Third, the National Journal stated that the “Congressional Budget Office repeatedly estimated the cost of providing subsidies in all 50 states, and the agency has said that no one from either party ever asked it to assume that consumers in some states would not receive the tax credits.” Lastly, if the plaintiff’s theory is true, then why haven’t we seen any members of congress—those who actually voted on the bill—bring this unconstitional change in the law to the attention of the American people? The congressional intent was to provide premium tax credits to all people who qualified in any state. Clearly, Congress intended federal exchanges to be treated the same as state exchanges.
Above all, the plaintiff’s argument is simply incoherent. Assuming the plaintiff’s interpretation of the law is true, a FFE could not offer qualified health plans with premium tax credits. This would render a FFE virtually useless. These nonsensical results prove that the opponents’ argument is completely contrary to the text of the law and to Congress’s intent.
The court will decide on the law’s intent by looking at its coherent and logical entirety. This isn’t an argument about statutory interpretation or Congressional intent…this is about politics. There is no question Judge Paul L. Friedman of the U.S. District Court for the District of Columbia will see right through the plaintiff’s arbitrary argument and political motives to prevent affordable, quality health care to all Americans.
Friday, December 20, 2013
Thousands of Americans, undeterred by computer glitches, have signed up for affordable, quality health insurance through HealthCare.gov and the state exchange websites. And thanks to the Affordable Care Act (ACA), people with pre-existing conditions, will no longer be denied the health care they so desperately need. The administration is also working with some of the country’s leading tech experts to improve HealthCare.gov so that even more people can sign up.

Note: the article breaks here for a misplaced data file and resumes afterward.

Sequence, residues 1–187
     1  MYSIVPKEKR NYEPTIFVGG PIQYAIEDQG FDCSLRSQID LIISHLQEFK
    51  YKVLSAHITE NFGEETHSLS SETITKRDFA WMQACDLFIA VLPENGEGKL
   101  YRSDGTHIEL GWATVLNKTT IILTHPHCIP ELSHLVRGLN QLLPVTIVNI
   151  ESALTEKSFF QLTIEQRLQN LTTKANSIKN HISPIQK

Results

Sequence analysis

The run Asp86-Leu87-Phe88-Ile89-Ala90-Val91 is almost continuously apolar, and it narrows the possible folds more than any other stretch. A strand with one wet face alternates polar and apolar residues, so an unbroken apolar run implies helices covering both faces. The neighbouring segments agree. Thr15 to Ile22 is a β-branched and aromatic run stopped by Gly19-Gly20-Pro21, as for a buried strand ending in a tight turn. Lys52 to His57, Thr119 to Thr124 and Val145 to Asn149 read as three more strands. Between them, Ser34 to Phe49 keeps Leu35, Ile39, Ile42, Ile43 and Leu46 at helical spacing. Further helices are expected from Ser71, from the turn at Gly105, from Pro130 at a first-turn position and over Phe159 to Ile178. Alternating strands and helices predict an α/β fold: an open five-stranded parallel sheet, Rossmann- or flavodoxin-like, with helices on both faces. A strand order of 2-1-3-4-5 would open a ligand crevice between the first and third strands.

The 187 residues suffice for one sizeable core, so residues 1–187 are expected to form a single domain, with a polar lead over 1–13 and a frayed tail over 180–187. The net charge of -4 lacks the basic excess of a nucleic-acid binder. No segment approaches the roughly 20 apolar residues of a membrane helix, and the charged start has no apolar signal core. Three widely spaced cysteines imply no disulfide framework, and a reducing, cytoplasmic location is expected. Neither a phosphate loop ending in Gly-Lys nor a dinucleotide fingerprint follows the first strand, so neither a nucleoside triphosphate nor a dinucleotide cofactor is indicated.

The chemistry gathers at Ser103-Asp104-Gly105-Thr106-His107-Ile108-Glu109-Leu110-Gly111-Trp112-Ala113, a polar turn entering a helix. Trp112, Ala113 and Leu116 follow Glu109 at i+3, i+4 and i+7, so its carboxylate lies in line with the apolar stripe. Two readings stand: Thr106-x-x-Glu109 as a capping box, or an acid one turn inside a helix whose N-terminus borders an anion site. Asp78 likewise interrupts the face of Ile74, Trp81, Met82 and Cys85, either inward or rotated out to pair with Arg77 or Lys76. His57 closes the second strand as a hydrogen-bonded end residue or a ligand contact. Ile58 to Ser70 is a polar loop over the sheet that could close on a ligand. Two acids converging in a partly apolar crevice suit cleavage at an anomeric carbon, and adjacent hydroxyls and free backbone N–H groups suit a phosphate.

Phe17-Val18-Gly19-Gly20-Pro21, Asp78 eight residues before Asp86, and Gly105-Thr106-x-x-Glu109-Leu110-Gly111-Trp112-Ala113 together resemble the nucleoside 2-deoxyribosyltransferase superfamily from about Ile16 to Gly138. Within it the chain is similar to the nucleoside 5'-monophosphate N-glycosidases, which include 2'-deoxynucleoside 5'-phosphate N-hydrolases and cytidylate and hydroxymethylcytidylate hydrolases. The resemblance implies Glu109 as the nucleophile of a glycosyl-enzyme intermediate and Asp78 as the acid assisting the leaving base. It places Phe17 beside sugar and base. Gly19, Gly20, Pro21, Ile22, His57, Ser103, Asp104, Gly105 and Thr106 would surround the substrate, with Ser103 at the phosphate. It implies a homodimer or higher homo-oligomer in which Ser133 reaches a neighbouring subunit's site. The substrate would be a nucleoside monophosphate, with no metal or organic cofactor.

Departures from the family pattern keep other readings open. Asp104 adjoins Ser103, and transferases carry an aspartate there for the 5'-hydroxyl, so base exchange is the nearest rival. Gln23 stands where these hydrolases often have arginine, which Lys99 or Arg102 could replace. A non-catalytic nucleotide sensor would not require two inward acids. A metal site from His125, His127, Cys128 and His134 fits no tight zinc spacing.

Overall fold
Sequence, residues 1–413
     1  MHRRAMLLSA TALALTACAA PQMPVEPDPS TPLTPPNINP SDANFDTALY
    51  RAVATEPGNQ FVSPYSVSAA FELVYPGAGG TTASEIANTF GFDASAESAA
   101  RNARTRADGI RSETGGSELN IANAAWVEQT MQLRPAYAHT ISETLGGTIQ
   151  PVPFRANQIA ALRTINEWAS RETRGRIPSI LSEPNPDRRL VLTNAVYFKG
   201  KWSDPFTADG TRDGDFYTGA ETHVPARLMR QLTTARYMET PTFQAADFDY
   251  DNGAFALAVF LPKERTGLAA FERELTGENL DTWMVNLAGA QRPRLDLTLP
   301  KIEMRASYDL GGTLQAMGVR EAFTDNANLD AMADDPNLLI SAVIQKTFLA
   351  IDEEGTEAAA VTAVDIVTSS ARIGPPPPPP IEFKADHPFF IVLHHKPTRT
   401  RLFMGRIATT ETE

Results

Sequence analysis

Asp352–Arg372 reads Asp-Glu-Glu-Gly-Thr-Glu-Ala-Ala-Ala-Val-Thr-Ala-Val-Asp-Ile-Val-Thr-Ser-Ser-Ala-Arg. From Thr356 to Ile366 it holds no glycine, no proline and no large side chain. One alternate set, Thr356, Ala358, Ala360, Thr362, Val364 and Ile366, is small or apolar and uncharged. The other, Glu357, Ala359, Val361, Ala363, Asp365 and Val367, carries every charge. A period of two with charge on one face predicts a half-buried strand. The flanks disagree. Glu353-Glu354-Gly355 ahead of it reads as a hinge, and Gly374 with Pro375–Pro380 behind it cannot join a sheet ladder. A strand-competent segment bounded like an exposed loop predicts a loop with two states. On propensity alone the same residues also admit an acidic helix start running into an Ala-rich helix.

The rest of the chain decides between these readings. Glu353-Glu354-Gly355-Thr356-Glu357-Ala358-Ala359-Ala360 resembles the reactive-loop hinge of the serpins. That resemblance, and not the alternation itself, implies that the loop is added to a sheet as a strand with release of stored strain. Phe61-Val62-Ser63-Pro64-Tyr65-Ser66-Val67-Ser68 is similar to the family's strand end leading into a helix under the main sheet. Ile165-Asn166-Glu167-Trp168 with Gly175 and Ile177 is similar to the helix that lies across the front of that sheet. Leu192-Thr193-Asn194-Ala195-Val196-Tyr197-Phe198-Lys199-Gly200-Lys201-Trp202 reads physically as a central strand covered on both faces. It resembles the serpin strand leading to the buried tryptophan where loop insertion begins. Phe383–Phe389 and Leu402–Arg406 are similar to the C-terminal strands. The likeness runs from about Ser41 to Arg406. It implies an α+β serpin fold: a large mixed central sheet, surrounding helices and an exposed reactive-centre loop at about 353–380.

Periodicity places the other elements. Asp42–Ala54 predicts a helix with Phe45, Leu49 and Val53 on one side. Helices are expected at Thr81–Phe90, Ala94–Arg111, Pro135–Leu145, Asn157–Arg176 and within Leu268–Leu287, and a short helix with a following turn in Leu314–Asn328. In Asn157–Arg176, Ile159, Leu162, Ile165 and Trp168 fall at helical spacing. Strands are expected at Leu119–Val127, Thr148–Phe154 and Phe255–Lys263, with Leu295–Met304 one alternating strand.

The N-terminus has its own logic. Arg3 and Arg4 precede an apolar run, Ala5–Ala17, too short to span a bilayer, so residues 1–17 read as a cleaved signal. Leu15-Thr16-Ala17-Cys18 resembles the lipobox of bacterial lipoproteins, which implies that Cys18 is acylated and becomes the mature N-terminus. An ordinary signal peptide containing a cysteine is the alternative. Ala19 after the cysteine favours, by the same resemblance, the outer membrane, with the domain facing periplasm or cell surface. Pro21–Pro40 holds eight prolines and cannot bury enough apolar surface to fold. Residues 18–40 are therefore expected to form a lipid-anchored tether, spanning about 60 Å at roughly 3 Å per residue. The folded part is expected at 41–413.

Despite these successes, there has been an abundance of media attention on the recent terminations of individual health insurance policies, and to some extent, these concerns have been blown out of proportion. Like any other challenge made to a major piece of legislation, it’s critical to keep the debate in proper perspective. A new report by Families USA, entitle “How Does the Affordable Care Act Affect People Who Buy Health Insurance in the IndividualMarket?,” sheds light on the recent health coverage terminations.
Cancellations are occurring in the private, individual (non-group) market. Only 5 percent of Americans get coverage in this market, and the majority of them are in this volatile market for less than a year. Slightly more than one-third of people with individual coverage have retained it for more than one year. The median duration in such plan coverage is eight months. It’s also important to remember terminated plans don’t comply with the ACA’s protections.
For the 5 percent of Americans in the individual market, more than two-thirds (71 percent) are eligible for substantial premium subsidies or expanded Medicaid, according to a recent Families USA report. This is good news for those who receive cancellation notices, they’ll potentially find a better plan, at a better price, at HealthCare.gov and state marketplace websites.